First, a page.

The Senate Judiciary Committee investigates
When this fact became public, Senator Charles Grassley of Iowa wanted to know whether the National Highway Traffic Safety Administration (NHTSA) had allowed Toyota off the hook by accepting the results of a too-narrow NASA study of car electronics. Through the Senator’s whistleblower program, I gave hundreds of documents to his Judiciary Committee staffers. I sorted the documents to show that many electronics issues related to UA were known inside Toyota but not even touched upon by NHTSA and NASA in their studies of Toyota electronics and UA. I also organized the documents to show that it seemed the executives were misrepresenting facts in their sworn testimony before three Congressional committees. Senator Grassley was thus concerned about whether NHTSA had done a proper job, especially with the NASA study it had commissioned, and sent a public letter of inquiry to NHTSA administrator David Strickland. NHTSA’s response to Senator Grassley was cleverly worded and noncommittal. Then the staffers invited me to explain the documents and permitted me to bring experts to do so. I invited four experts. We all flew in as volunteers from our far flung homes and participated in eight hours of meetings. Following these meetings, the investigation was suspended awaiting more evidence or developments. Mother Nature doesn’t lie: Working with scientists and engineers More scientific and engineering evidence was needed. I contacted UA vehicle owners who had complained and helped them give failed vehicles and parts to independent forensic engineers. There were two stunning successes. In one, a runaway Camry gas pedal was found to have a short circuit just like the one found by the NASA study team, corroborating evidence previously dismissed by NASA. In another, an engineer inspected a UA Prius and found a serious manufacturing defect in the Prius steering column assembly. He later made a defect petition to NHTSA that got nationwide news coverage. Hopefully, a full technical investigation of this potentially dangerous defect will soon be launched. Scientists and engineers are frustrated when technical information is kept secret. I occasionally acted as a kind of switchboard operator among them to facilitate exchanges and reviews of their UA related findings. Work is ongoing in various labs, and more findings will be forthcoming.
Going public, come hell or high water
Toyota settled a UA className action lawsuit for $1.3 billion in December, 2012. The settlement kept all discovered technical facts secret by court order. The public’s curiosity was aroused…what were the secrets? The publishers of Corporate Counsel magazine decided to find out. They conducted an in-depth investigation and had experts analyze the documents. After more than two years in anonymity, in this report I stepped boldly into public view as a means of catalyzing more action. The article was published in March of 2013. I hope this and everything else I’ve done will alert the public and will save lives.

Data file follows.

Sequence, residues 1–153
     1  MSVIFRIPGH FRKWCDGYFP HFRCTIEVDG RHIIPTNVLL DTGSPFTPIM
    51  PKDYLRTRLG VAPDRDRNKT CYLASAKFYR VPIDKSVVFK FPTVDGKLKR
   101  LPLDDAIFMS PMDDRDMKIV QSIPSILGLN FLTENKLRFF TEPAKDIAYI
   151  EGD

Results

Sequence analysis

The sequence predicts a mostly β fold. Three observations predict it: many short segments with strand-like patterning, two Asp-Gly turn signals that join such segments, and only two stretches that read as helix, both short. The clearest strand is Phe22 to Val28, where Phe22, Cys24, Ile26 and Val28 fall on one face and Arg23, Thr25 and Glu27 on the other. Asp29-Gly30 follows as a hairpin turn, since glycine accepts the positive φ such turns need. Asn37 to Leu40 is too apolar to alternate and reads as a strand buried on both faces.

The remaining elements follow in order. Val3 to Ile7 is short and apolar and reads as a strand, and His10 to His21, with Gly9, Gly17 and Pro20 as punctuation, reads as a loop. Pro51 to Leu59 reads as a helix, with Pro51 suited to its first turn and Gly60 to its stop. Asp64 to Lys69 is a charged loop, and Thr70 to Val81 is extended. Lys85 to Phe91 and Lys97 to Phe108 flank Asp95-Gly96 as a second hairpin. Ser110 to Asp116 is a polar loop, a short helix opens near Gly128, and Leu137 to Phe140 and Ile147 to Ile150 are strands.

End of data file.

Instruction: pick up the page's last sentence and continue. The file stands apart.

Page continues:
Solving the problem
We must fix the ultimate root cause of UA and other dangerous vehicle behavior, not only in Toyota but in the entire auto industry. Today’s cars are controlled by complex electronics that must work perfectly to keep people safe. UA and other tragedies can happen because there have been no public standards for safety-critical parts and systems. That needs to change, and concerned citizens can lead the industry and government to effect that change, just as they did with seat belts and air bags. A new ISO safety standard for road vehicles was published recently. It requires rigorous engineering of safety-critical car systems such as throttle, brakes, or steering. Third-party safety certification is part of it. Compliance is still difficult for automakers like Toyota. I want this standard fully implemented to keep people safer. To help push the U.S. government and auto industry to fully adopt the standard, I have founded a new advocacy group, Citizens for Auto Electronics Safety. Its mission will be to gather stories, facts, and scientific evidence about vehicle electronics malfunctions, then to encourage government and industry to use the standard to boost safety. Please visit this Facebook page for more information.
Sudden Unintended Acceleration is still a problem
Although Toyota has been forced to pay billions in fines and settlements due to misleading their customers, there are still cars on the road that have sudden acceleration problems. Bisnar Chase has more resources about sudden unintended acceleration for you to read and information on other dangerous auto defects here.